One million elephants couldn't begin to understand » 2012 » August

Archive for August, 2012

Friday, August 31st, 2012

 

For looking behind the mountain the only solution

is to ride the mule until you get there. I will build you a shelter

on the plateau where none before have trodden

and there, as men and women toil in the fields below, we will dream

of a sea-going ship to take us to our island,

our imagined island. Cows will be munching Russian cabbages.

Thursday, August 30th, 2012

 

Do you ask me what Lionardo would have said had any one told him of this picture that ‘all the thoughts and experience of the world had etched and moulded therein that which they had of power to refine and make expressive the outward form, the animalism of Greece, the lust of Rome, the reverie of the Middle Age with its spiritual ambition and imaginative loves, the return of the Pagan world, the sins of the Borgias?’  He would probably have answered that he had contemplated none of these things, but had concerned himself simply with certain arrangements of lines and masses, and with new and curious colour-harmonies of blue and green.  And it is for this very reason that the criticism which I have quoted is criticism of the highest kind.  It treats the work of art simply as a starting-point for a new creation.  It does not confine itself—let us at least suppose so for the moment—to discovering the real intention of the artist and accepting that as final.  And in this it is right, for the meaning of any beautiful created thing is, at least, as much in the soul of him who looks at it, as it was in his soul who wrought it.  Nay, it is rather the beholder who lends to the beautiful thing its myriad meanings, and makes it marvellous for us, and sets it in some new relation to the age, so that it becomes a vital portion of our lives, and a symbol of what we pray for, or perhaps of what, having prayed for, we fear that we may receive.

Oscar Wilde, from The Critic as Artist (1891)

 

Wednesday, August 29th, 2012

 

Shafted from behind as if by a plane,

turned upside down as if in shame, what wanders

through the corridors of our night in

gowns of dream-woven gossamer, one wonders. Bees

buzzing into dreams have no place, and cabbage vendors

live on the other side of town, not here.

Tuesday, August 28th, 2012

 

Once when diving down through the layers

of earth into our past, your explorer hit his head

on a piece of rock that had been waiting for him

more than a million million years, or so it said on

the label. Ouch, he said, that really hurt!

Monday, August 27th, 2012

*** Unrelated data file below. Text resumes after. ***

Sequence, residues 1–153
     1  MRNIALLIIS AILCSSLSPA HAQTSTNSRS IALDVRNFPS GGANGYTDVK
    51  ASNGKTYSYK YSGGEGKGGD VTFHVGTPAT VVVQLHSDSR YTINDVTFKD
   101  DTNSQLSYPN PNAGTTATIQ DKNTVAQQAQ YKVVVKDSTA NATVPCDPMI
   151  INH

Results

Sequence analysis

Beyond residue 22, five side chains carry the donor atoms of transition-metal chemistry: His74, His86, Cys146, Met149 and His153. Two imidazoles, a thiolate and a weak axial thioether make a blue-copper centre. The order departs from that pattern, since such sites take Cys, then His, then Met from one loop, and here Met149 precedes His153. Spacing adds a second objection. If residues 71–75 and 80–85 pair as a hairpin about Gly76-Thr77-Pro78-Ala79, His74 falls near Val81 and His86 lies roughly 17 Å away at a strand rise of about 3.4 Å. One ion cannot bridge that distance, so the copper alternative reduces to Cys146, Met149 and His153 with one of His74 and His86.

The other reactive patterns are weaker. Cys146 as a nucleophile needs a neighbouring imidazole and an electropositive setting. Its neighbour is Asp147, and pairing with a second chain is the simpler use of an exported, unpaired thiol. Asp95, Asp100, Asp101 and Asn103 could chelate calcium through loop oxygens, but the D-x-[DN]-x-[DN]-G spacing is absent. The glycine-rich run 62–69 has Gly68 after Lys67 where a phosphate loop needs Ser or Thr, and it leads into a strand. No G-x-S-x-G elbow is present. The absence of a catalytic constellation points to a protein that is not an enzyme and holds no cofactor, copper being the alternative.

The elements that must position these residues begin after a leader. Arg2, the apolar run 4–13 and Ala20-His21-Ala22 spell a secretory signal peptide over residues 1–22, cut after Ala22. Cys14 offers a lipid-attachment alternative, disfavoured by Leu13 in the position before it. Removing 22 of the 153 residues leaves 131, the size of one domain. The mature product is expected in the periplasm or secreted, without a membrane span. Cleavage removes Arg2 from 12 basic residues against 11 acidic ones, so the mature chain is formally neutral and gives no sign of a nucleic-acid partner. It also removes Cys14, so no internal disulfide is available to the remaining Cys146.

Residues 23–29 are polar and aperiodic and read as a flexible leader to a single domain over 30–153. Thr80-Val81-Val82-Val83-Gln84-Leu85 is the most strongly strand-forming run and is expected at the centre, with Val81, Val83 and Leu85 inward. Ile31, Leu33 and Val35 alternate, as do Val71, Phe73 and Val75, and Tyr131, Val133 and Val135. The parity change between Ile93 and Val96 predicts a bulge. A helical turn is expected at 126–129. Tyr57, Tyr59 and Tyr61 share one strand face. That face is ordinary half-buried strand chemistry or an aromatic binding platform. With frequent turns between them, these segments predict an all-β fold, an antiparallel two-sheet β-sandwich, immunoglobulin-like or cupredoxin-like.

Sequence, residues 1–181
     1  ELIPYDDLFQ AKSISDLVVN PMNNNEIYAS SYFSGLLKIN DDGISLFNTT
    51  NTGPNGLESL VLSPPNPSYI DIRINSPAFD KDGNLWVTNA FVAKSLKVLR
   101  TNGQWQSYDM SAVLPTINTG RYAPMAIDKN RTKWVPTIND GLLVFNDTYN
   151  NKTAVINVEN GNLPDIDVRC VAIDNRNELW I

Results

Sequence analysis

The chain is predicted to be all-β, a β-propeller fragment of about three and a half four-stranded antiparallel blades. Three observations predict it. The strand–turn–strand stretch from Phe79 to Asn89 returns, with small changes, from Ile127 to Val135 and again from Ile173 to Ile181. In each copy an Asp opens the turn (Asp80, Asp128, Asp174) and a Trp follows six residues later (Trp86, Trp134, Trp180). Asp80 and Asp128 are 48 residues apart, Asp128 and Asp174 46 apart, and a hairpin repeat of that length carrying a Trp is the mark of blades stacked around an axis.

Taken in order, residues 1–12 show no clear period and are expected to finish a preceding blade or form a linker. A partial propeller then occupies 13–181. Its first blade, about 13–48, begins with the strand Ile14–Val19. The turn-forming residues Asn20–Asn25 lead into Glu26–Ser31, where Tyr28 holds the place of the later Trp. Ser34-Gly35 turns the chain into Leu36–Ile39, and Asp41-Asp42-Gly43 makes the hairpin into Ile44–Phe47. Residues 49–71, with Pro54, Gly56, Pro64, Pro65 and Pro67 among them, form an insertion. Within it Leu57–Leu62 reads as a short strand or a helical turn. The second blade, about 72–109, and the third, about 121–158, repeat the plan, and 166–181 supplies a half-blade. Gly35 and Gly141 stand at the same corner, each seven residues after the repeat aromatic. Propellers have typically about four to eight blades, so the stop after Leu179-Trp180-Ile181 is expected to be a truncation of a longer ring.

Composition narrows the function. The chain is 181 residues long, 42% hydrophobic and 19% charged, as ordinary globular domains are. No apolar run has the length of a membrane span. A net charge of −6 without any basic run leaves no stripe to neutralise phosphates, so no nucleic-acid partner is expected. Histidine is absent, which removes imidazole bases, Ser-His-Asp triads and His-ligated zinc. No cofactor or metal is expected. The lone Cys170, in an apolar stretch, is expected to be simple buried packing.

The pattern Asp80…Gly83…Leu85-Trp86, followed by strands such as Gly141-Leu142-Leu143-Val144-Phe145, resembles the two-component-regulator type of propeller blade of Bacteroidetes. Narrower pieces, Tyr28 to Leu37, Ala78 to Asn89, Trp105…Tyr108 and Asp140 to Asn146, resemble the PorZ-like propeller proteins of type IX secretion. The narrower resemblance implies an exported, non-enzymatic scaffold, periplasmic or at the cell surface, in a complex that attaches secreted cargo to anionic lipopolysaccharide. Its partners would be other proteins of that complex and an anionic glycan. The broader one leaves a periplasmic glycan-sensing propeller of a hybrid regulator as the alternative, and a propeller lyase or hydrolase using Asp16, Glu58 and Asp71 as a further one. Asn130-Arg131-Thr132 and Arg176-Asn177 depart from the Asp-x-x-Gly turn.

And when it’s like this

(THIS!)

you wouldn’t change it

for all the tea in China,

would you?

 

But when it’s like this

(THIS!) you …

Sunday, August 26th, 2012

 

And again there are no words.
Words exist that can, used by a poet, achieve a dim monochrome of the body’s love, but beyond that they fail clumsily.

 

 

 John Wyndham, from The Chrysalids (1955)

Saturday, August 25th, 2012

 

Mabel, the woman who claimed to be a mother to me,

explained that living in a  crouching position

was not good for the back, and I should “straighten up”.

Friday, August 24th, 2012

 

Bees continued to press home their advantage

in the well-springs of darkness, and if any girls

took it into their heads to force their breasts into

my face I screamed for Daddy. Rescue helicopters

were ever at hand in those post-war years.

Thursday, August 23rd, 2012

 

Lumped asleep like a polar bear, my salad days

long behind me, all that remains possible now

is lamentation, and deciding what flavour pizza to order.

Wednesday, August 22nd, 2012

 

The question of what is, and what is not, a fit subject for a poem is one that has exercised minds through the ages. One recalls being at a party (this was some years ago) and the host’s good lady wife, a doctor, I believe, was berating a guest for saying that “anything” was fit to be the subject of a poem. She insisted that the only good reason for a poem to exist was that it added beauty to the world. The argument became a little heated, largely because the guest in question had had a little too much to drink and had lost most of his usual inhibitions – later he was discovered dancing in a state of partial undress in a neighbouring garden. I might add that none of those people are any longer my friends.

Leo Jipp, from Up A Tree: The  Story of My Life, (Inane Books, 1997)